Phyl Newbeck, Contributor

Bob Haven spent most of his professional life in technology but when that career ended, he looked for another way to use his problem-solving skills. The result was Safe Haven Honey, a business that keeps his mind sharp while providing sweet sustenance for himself and others.

Haven launched the business 12 years ago when he purchased his first bees. He currently has 12 hives, the largest of which has over 100,000 bees. His wife Connie helps with the financial end of the business and some of the marketing, but Haven said she’s not overly comfortable around the apiary.

Beekeeping has a variety of challenges, but for Haven the biggest problem is the mites. “You have to evaluate the hives every four weeks or so,” he said. “Four days after the queen lays an egg it becomes larva and that’s when the mite attaches itself.”

Checking to see if there are mites is a process which requires the bees to be taken out of the hive, but Haven stresses that they are not injured during the testing. The bees can only be removed when the queen isn’t present, and testing should only be done if there is exposed larva. Haven shakes a few bees into a jar with a mesh cover and puts in a few spoonfuls of powdered sugar. He rolls the jar gently for a minute and lets it sit for another minute. The sugar is emptied into a pan and spritzed with water while the bees are returned to the hive. If there are more than three red dots, the hive has to be treated for mites.

Photo by Connie Haven. Bob Haven hanging with his hives.

Photo by Connie Haven. Bob Haven hanging with his hives.

Raising bees also means contending with issues much larger than mites. For several years, one or more bears pushed over some hives but didn’t cause much damage. This spring, however, a bear was significantly more destructive, leading Haven to install an electric fence which required moving the bees. “A hive can weigh more than 160 pounds,” Haven said, adding that the weight is the least of the problems.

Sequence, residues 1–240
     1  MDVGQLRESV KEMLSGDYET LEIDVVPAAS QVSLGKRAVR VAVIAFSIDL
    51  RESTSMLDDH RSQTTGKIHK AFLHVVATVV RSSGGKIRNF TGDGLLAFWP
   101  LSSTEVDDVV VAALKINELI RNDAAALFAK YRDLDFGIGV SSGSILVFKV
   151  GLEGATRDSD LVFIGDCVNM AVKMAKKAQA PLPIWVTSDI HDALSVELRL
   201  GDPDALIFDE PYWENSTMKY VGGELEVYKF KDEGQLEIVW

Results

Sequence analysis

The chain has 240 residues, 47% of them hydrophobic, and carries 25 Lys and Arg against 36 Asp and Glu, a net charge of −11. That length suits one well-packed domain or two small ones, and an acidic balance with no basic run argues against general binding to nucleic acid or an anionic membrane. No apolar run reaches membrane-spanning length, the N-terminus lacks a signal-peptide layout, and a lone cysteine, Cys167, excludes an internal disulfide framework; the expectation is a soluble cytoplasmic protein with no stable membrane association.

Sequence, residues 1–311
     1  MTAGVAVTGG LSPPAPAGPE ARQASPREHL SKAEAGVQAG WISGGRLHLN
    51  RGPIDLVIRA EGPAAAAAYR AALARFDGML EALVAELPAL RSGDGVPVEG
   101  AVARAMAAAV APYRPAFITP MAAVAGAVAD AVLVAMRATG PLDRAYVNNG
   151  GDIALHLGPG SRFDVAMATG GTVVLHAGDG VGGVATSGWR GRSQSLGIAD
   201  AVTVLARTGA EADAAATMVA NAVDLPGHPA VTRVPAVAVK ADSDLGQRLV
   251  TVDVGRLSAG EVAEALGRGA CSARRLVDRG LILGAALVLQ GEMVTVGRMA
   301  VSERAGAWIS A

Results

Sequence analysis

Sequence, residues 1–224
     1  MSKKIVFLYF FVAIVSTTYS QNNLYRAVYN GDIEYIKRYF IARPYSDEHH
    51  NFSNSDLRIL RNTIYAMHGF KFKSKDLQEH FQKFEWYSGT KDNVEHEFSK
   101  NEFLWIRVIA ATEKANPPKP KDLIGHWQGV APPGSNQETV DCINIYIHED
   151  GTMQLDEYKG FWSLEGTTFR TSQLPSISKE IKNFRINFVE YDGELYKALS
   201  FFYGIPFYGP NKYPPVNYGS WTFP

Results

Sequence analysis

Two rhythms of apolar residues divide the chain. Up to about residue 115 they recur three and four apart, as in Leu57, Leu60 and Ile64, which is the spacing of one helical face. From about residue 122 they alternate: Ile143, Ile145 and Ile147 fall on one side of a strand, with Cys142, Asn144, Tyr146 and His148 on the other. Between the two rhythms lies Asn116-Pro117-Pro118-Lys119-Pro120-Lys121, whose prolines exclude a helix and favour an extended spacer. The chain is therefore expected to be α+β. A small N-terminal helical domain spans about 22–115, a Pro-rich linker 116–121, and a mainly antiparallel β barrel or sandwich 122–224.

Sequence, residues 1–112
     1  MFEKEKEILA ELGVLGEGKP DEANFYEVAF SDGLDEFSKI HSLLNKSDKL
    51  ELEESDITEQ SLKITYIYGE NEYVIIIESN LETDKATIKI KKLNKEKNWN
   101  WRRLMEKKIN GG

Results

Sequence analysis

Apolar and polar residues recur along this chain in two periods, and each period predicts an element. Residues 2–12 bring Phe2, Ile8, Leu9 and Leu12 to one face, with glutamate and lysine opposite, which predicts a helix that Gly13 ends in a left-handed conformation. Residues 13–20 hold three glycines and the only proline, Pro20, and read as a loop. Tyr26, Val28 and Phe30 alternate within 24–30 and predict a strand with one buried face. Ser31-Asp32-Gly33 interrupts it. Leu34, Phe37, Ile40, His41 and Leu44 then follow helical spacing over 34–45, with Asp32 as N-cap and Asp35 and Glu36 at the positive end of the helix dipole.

“Bees don’t like too much attention,” he said, “and in their own way, they’ll let you know.”

“Bees have locked in their GPS on their current location,” Haven explained, “so you shouldn’t move the hive more than 3 feet every two or three days.”

Unfortunately, the bear threat was strong enough that in addition to the incremental moves while installing the fence, he temporarily moved half the hives to Williston.

Haven started his career in the manufacturing realm and then switched to becoming a manufacturing engineer and then a principal network engineer. He wrote manuals and helped set up training programs. Haven enjoyed the work but found it challenging to keep up with the technology while helping his wife raise their two children.

“I got up one morning,” he said, “and I told Connie I had to have bees.”

Haven said that there are roughly six different breeds of queens, and each has a different temperament. There is generally only one queen to each hive and her disposition is crucial to the wellbeing of the bees, as well as the beekeeper. He has been getting Sakatraz bees from a breeder friend in Iowa.

“Last summer I could go to my hives and spend time there without my suit and headgear because the queen was so calm,” Haven said. “I could even pull out a frame or two without getting them upset, but this year as soon as I get to the apiary, the Wicked Witch of the West gets upset, and I can’t even get under the electric fence in my suit before they’re looking for a place to sting me.”

Most of Haven’s sales are by word of mouth and he has many repeat customers who get discounts when they bring back the glass jars. He also sells to Philo Ridge Farm and Foam Brewery. In addition to honey, he markets what are basically beekeeper starter kits called nucleus colonies which he also uses to replenish his hives after winter die-offs.

“I think part of the reason I became a beekeeper is it keeps my mind going with problem solving,” Haven said. “You have to do inspections every couple of weeks and do tests and evaluate the progress.”

Haven has set up an old table and chair so he can watch the hives with a cup of tea or a cold brew in the summer. “I still enjoy watching the bees,” he said. “I still go up there and just hang out with them.”